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in church today/ the pastor mentioned the twelve ways to burning in hell/ he did not mention love/ i began to remember/ like lost letters finding their way into sentence/ you, falling out of the pores in my body/ on a soft afternoon/ became my heartbeat/ there is something about falling/ about breaking soft stones/ i still do not remember your name/ but/ the bathtub you filled with water/ the water you got into/ the bathroom floor was brown/ you planted your lips on mine/ tasted my future/ salty dreams of naïve boys/ whose mothers are city women running after hazed dreams/ you lifted me into the water/ silence/ on the water spoke/ you pressed my face against your nipples/ and said, oko mi atata/ i love you/ since i was a boy, i’ve known love to be a ghost/ decked in white waiting for you seventeen years after/ i’ve known love to be how you roll your eyes/ as my fingers search for my name in your pussy/ you say, “fuck me, fuck me, my love”/ what the fuck does fuck mean to a five year old boy/ playing with water and body in a bathtub with an area sister/ who calls him names sweet like february oranges?/ the inch you sucked is eight now/ i’ve grown remembering/ still i do not remember your face/ but/ i remember what leaving meant/ i saw you the other afternoon/ you took my friend in/ the keyhole is a lousy bitch/ the keyhole told me what to see/ the keyhole broke me into shreds/ into what remained in a poet carrying winds in his throat/ how do you feel when someone else wears your skin/ how do you feel when music becomes sore in your throat/ that evening, you ended me/ beach formed in my face/ the becoming of things quickly dissolved in water/ no one knows what you carry when you wear your own grief/ when love for you, is the way you make a woman moan/ when the woman gives you your own death and tells you, “drink”/ “it’s life afterall”/ the pastor said love is life/ love is the savior of things fallen beneath the ground/ i am still here/ remembering how I fell/ how love took me in and punctured my skin/ 1999/ i carry my own body and mourn with my demons.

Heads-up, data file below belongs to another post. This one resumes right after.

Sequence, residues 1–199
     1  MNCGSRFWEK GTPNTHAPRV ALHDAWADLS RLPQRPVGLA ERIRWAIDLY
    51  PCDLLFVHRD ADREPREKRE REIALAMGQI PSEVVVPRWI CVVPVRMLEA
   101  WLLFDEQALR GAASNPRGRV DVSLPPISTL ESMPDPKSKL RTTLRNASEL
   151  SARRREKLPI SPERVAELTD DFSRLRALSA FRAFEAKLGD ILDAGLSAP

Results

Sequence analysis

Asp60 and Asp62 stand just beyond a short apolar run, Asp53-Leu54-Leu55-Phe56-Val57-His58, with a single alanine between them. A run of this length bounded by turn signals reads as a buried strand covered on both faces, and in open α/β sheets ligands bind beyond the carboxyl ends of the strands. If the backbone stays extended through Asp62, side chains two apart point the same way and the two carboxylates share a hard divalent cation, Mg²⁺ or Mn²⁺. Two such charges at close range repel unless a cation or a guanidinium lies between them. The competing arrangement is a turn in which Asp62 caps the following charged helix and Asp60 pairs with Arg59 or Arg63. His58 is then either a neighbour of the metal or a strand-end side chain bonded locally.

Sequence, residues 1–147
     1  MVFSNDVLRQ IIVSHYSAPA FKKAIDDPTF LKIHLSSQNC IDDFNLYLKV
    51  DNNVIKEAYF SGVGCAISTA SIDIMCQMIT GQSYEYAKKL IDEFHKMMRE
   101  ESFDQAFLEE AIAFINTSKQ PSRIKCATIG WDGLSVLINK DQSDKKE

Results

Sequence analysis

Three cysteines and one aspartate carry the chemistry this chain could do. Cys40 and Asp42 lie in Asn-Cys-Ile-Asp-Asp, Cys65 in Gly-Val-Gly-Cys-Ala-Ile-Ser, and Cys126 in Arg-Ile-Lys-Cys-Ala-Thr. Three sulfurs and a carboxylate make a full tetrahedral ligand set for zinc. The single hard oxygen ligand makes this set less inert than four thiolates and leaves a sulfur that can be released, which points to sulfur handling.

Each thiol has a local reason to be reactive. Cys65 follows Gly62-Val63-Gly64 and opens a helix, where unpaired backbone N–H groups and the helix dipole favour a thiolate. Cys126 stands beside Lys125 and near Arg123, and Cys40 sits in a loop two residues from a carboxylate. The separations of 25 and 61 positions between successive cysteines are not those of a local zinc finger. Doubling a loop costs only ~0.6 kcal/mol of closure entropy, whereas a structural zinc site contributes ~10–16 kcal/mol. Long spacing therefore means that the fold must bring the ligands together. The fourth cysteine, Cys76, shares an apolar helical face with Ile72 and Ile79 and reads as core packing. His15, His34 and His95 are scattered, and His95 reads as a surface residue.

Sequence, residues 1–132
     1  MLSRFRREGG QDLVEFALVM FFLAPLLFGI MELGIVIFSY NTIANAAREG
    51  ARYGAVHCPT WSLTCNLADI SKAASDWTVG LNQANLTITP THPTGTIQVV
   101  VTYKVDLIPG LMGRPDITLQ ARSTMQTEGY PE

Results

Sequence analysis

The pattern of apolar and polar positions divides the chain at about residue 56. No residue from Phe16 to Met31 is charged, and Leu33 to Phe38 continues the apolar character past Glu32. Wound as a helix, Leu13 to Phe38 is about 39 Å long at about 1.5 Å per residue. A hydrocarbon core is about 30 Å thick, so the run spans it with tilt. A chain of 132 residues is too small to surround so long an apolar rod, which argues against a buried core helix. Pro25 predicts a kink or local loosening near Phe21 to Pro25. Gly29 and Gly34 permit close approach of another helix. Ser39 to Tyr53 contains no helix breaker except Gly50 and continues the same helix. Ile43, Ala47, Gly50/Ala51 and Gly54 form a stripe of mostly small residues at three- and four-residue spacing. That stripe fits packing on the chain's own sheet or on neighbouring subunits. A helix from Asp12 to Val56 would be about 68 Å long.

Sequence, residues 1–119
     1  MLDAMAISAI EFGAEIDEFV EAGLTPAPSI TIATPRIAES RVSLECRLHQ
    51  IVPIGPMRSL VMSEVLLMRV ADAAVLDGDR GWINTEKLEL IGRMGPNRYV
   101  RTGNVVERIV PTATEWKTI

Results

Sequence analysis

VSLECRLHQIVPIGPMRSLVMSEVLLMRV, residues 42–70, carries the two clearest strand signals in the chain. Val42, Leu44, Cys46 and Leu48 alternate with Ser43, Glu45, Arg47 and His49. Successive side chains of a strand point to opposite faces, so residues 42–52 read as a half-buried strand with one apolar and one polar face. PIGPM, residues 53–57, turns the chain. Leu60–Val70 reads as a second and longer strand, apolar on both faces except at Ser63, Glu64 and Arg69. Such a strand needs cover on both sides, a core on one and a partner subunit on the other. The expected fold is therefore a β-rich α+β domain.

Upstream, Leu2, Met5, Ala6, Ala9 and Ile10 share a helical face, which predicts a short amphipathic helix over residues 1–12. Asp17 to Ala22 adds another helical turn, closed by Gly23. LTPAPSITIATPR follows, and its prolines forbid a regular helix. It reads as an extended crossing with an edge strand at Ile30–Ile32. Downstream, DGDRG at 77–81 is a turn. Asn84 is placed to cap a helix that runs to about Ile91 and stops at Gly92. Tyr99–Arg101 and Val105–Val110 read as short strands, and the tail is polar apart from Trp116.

About the Author

Adedayo Agarau is a photographer and poet, author of For Boys Who Went and curator of the Ibadan based photo-documentary, @wallsofibadan on Instagram. He writes from Ondo where he studies to be a Nutritionist.

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3 Responses to “Revisiting Childhood | Adedayo Adeyemi Agarau | Poetry” Subscribe

  1. OsyMizpah 2017/12/18 at 05:12 #

    Very beautifully written.

  2. Har_lee_mah 2017/12/21 at 16:25 #

    Wow… Lovely write-up and I am moved to tears

  3. Micheal Ace 2018/07/09 at 02:43 #

    Man, the grief is eternal.

    This is a wonderful way to explore poetry.

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I hold a doctorate in English from Duke University and recently joined the Marquette University English faculty as an Assistant Professor. I love teaching African fiction and contemporary British novels. Brittle Paper is the virtual space/station where I play and experiment with ideas on how to reinvent African fiction and literary culture.

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